I’ve finally had some breakthroughs with my most recent fear. I’m starting to notice a cycle and a process that I go through when something seems new and threatening and that cycle takes time. Neither of the solutions above are instant fixes. They are ongoing and helpful practices. As I start to feel a little less afraid, the concerns haven’t gone away, but the fear-based responses have less of a grip. I imagine they aren’t gone for good, but I find it so helpful to remember and connect with these teachings from the sūtras. I hope you do, too.

Feeling nervous isn’t glamorous

This is "Rascal." The photo comes from ODEE's article on ugly dogs.

This is “Rascal.” The photo comes from ODEE’s article on ugly dogs.

I was about to get into my car on the way to an interview this week and I was excited and nervous. I didn’t want to be. I wanted to be calm and collected. I aspired to radiate peace, clear communication, and just the right amount of confidence. Even though I may experience some version of this at other times, it wasn’t happening in this crucial moment and I couldn’t will it to be so. I knew this because there was an uncontrollable quivering that originated from deep inside my body. I was trembling. When this happens I feel like one of those little shivering dogs with too little fur or a nervous constitution.

I left my coat on, cranked up the heat in my car and then did my best to drive more slowly than I wanted to. I attempted to breathe in a relaxed way. I went over the reasons that I looked forward to the meeting and how I’d like it to go down. After the twenty minutes it took to arrive, the shivering had mostly subsided and my level of ease improved. I decided to ignore the sweat rings in the armpits of my blouse.

Aṅgamejayatva describes one of the five symptoms that help us to recognize when we are out of balance (YS I.31).   And get this… aṅga = parts, and mejayatva = “are trembling.” I’ve heard aṅgamejayatva described as an inability to be comfortable in a posture or being ill at ease in the body, but then I had this literal trembling thing happen and once again, I had to nod to our sage, Patañjali, for nailing it. Yes, I was experiencing emotional distress, duḥkha, there may have been some negative thinking, daurmanasya, breathing was agitated, śvāsa praśvāsā, my body trembled, and I experienced some agitation and lack of focus, vikṣepasahabhuvaḥ. Patanjali’s symptoms of distress? Check. Check checkity. Check. Luckily the sutras also offer ways to manage these symptoms.  I’m glad I’ve practiced ways to take care of myself when these are present.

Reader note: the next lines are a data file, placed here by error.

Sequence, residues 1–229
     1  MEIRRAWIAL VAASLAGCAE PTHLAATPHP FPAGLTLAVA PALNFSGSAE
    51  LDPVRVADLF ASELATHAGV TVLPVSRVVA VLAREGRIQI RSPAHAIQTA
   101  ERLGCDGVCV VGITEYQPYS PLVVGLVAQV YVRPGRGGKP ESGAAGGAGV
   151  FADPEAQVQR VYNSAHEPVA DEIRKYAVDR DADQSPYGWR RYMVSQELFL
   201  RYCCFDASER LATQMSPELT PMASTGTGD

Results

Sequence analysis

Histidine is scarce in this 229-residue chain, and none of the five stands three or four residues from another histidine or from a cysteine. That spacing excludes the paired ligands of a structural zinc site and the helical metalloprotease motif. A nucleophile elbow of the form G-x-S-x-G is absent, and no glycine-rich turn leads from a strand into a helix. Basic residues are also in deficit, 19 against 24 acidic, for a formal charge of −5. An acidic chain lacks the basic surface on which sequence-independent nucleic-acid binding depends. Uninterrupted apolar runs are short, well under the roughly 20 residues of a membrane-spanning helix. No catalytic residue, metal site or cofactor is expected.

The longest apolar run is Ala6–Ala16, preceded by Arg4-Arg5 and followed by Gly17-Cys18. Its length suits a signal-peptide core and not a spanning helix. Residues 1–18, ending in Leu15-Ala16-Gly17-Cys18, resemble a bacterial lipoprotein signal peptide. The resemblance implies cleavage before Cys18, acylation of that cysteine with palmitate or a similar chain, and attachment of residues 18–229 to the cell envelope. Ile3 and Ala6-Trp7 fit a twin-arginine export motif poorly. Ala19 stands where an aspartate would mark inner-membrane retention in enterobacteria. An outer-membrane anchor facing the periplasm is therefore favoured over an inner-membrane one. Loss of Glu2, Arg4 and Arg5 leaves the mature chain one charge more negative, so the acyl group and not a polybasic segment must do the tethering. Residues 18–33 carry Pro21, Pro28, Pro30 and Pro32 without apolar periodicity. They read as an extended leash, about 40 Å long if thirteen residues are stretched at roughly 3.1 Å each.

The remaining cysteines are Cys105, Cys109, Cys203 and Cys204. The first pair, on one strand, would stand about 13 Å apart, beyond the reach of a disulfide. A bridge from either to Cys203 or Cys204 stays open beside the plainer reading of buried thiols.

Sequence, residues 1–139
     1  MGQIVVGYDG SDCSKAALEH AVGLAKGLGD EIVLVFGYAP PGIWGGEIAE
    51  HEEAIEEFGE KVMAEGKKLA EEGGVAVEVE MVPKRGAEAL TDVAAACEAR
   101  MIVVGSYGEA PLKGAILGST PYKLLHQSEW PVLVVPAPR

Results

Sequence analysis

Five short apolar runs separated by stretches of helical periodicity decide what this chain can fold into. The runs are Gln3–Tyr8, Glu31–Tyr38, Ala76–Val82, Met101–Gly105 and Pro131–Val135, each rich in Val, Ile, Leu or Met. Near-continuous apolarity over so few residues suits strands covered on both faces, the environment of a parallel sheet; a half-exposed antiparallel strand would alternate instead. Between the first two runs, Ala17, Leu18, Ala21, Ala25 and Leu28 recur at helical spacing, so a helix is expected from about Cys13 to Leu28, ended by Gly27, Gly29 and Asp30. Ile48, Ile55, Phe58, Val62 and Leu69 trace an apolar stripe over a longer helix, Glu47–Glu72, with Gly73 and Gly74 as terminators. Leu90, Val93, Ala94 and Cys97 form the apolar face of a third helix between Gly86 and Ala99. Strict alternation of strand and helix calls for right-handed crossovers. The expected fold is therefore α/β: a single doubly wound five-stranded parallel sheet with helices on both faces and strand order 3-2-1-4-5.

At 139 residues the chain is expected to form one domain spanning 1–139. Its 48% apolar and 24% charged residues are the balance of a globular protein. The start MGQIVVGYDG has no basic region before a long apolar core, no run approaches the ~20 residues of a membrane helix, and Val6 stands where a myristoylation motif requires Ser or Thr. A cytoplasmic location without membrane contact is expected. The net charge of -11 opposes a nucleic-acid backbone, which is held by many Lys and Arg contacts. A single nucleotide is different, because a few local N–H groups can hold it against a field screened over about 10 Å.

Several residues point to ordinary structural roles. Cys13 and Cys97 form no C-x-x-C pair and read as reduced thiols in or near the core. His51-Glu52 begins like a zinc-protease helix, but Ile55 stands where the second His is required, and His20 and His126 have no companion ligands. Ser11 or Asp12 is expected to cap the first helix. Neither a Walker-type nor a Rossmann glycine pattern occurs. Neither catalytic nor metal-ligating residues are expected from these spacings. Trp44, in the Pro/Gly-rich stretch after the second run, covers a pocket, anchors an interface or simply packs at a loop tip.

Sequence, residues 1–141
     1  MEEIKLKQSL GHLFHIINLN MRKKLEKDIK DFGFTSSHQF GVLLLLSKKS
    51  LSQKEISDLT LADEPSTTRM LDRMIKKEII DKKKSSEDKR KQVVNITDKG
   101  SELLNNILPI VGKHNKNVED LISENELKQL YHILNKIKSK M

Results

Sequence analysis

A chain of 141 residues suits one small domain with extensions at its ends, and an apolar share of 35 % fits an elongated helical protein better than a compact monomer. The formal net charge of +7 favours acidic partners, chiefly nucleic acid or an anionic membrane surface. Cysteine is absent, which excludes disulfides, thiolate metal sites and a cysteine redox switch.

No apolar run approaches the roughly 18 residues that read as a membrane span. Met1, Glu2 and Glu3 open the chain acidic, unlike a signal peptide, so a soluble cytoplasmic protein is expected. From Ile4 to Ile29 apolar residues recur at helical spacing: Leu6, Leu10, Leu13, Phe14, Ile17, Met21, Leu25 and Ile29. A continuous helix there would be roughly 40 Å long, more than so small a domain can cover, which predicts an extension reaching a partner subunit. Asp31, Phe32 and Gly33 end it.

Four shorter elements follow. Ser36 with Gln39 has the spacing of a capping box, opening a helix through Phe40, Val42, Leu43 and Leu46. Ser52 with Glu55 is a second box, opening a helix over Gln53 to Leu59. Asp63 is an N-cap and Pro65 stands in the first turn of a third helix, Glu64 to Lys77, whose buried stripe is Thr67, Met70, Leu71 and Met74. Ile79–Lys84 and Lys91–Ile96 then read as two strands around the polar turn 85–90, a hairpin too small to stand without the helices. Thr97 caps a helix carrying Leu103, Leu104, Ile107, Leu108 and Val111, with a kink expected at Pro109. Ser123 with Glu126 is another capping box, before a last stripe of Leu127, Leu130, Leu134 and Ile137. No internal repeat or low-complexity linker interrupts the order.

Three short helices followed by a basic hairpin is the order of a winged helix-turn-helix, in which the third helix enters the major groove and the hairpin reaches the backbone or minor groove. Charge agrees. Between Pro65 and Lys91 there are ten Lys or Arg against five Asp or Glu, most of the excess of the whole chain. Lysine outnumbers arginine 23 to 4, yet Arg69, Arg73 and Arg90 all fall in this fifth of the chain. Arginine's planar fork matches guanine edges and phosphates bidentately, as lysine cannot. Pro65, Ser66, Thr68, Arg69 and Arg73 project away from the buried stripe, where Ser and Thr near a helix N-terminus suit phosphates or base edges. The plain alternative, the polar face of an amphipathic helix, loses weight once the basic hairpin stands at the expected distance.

The interview went well. It was actually pretty fun and I think really good things will come of it. I don’t know that I’ll ever totally outgrow the nervous-excitement trembling condition I have, but maybe I’ll get to the point where I can come back to balance and without sweating so profusely in the process.

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Save the date

Women’s RETREAT: August 31st to Sept 5th, 2016

Join me for 5 days in beautiful Ojai, CA, where you can replenish and reset with three master teachers as your guides.  You’ll have time to steep in the wisdom of yoga, ayurveda and well-being while enjoying the beautiful accommodations and the surrounding Ojai valley.

More info to come!